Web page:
Every problem has a gift for you in its hands
– Richard Bach
It all started when our daughter Eden was a year and a half old. She had Pneumonia and high fever and she wheezed all day. After one dose of Antibiotics (by the way, 18 years ago, it was every 6 hours, even if it meant waking her up at night), we had about a week or two off and the wheezing started again. First kid, young parents, we went straight to see our baby specialist. He was the head of the Paediatric Ward at our local hospital and we went to his private clinic every time something happened.
About 4 months later, we found ourselves in his private clinic again. It was Pneumonia the fourth time. During that time, Eden had red, dry cheeks, high fever (every time she was not on any medication) and wheezing, wheezing all day.
During all of this, my friend Sharon called us from time to time and said, “Please, please, don’t give her Antibiotics… Try a steam bath… She is just a baby”. I thought she was nuts. Sharon was a health fanatic, who did not eat half of the things that existed, while I was freaking out that my baby’s lungs were infected and could not bear the risk of stopping medication and using “a steam bath”. At that stage, Gal and I felt frustrated and worried, very worried. Eden was so small and so sick and we were so helpless.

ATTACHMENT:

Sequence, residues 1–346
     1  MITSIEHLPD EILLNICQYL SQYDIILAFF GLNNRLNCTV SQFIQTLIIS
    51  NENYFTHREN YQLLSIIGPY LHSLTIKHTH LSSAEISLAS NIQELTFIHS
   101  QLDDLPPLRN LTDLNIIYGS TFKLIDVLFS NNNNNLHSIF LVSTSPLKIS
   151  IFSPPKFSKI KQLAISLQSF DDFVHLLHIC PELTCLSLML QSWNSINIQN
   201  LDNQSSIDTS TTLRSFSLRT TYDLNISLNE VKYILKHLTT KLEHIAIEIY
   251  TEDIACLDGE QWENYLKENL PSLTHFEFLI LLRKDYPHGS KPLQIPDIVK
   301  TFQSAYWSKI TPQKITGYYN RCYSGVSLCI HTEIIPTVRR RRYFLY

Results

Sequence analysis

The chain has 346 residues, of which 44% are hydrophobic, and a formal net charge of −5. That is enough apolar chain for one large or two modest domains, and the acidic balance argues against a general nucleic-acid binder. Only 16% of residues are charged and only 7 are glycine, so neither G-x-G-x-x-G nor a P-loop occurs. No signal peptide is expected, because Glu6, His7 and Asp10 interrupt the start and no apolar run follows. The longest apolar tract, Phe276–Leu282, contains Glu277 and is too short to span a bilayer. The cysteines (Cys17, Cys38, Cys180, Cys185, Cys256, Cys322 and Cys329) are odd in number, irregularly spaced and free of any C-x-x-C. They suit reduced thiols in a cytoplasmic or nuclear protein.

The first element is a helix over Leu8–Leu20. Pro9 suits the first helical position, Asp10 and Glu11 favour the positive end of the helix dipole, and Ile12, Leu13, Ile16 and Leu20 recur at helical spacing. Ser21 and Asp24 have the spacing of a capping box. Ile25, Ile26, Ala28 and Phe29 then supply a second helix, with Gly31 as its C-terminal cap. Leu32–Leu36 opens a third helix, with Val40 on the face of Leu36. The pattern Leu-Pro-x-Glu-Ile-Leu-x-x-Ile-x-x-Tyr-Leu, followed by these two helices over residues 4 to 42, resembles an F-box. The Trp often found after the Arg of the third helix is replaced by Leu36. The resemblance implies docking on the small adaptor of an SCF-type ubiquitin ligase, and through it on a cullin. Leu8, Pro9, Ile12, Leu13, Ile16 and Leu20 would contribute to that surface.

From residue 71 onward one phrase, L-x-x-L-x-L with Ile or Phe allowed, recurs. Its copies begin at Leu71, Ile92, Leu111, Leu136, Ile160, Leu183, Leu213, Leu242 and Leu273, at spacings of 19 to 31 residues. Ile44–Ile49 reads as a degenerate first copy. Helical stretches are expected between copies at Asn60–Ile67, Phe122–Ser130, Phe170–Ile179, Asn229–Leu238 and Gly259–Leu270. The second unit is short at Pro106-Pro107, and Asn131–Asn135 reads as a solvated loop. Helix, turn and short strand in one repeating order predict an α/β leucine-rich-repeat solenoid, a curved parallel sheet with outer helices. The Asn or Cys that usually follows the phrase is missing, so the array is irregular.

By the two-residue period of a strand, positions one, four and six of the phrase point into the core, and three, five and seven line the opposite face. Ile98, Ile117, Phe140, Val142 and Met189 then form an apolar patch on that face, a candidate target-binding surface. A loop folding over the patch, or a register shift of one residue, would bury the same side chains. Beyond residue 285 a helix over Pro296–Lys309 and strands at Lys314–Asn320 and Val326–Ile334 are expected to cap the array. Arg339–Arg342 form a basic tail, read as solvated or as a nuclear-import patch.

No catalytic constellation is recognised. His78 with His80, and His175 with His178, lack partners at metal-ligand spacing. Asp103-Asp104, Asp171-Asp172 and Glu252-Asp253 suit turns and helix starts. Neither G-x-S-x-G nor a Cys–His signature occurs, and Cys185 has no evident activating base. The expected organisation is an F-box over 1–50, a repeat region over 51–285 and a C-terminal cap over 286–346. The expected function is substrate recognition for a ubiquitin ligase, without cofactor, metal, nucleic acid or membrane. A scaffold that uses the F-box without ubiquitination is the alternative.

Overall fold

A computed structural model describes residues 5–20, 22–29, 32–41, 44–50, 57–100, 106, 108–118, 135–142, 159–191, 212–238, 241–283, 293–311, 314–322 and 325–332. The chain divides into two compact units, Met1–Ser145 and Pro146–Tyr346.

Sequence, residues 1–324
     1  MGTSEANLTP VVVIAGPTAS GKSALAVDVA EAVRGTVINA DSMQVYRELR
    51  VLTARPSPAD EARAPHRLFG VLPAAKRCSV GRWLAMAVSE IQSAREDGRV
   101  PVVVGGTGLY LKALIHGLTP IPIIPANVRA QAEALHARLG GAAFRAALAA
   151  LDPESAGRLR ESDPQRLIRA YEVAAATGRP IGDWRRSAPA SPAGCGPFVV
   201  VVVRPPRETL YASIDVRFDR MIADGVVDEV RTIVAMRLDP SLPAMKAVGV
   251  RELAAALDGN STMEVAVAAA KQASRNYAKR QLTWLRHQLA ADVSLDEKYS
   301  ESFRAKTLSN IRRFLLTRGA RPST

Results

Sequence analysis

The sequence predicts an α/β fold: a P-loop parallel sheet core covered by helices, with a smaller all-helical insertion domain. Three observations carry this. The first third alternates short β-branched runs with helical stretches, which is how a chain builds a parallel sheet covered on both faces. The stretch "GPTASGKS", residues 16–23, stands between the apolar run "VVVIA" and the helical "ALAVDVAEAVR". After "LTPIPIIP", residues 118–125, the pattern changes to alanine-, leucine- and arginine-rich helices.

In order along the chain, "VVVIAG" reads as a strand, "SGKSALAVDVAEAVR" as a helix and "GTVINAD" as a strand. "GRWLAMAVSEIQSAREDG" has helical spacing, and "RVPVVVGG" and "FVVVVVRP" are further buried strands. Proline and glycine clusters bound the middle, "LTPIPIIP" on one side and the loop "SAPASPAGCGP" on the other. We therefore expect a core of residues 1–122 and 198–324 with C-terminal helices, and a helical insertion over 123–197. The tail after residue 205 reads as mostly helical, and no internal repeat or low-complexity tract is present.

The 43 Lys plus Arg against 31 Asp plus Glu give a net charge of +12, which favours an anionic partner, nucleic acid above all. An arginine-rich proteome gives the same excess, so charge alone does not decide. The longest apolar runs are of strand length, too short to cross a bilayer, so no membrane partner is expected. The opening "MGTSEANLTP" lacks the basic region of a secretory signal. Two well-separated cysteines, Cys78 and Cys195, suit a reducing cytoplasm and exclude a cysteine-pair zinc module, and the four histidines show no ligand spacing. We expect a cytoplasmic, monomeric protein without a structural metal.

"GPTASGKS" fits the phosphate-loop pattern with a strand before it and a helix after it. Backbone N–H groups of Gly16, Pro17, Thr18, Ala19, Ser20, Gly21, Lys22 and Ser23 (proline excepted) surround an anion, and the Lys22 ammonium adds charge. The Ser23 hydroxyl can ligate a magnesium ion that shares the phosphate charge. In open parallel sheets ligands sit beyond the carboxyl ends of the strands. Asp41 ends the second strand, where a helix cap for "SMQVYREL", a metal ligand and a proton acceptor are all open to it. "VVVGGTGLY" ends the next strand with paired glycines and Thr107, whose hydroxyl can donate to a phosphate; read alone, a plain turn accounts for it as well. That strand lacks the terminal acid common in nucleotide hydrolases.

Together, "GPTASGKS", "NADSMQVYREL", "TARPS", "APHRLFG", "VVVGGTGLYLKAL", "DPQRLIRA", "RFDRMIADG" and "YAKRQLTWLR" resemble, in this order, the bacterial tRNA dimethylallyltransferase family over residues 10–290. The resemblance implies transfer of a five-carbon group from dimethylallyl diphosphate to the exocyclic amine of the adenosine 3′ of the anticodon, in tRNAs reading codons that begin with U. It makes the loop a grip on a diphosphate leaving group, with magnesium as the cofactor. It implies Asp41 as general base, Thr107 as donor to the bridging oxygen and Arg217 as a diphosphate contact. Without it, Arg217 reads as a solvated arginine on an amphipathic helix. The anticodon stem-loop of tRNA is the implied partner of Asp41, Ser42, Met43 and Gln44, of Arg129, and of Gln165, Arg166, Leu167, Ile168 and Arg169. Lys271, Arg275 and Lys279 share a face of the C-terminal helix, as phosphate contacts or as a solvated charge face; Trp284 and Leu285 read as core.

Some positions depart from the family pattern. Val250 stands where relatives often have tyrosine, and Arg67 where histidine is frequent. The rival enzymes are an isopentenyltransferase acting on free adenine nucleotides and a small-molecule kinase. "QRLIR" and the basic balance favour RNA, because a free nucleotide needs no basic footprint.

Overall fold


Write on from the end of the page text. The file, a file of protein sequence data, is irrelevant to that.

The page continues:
“We are worried that she has Pneumonia for four months and it keeps coming back”, I said to the doctor. He looked at us worried and said, “I’m very sorry to tell you, but your daughter is asthmatic”.
Gal and I looked at each other as if we had been hit by a truck.
“What does it mean?” we asked him.
“It means she must take medication in the cold months to prevent it from happening”.
“Cold months? How long?”, I asked. I remembered my friend saying, “She is just a baby”, and thinking we had been in this ordeal for 4 months already.
“She should use it for about 6 months every year”, he said.
“What are the side effects of this medication?”, Gal asked him (like a good biologist).
“No side effects”, said the doctor and wrote the prescription for the medication. Gal kept asking him about the side effects, but this only upset the doctor.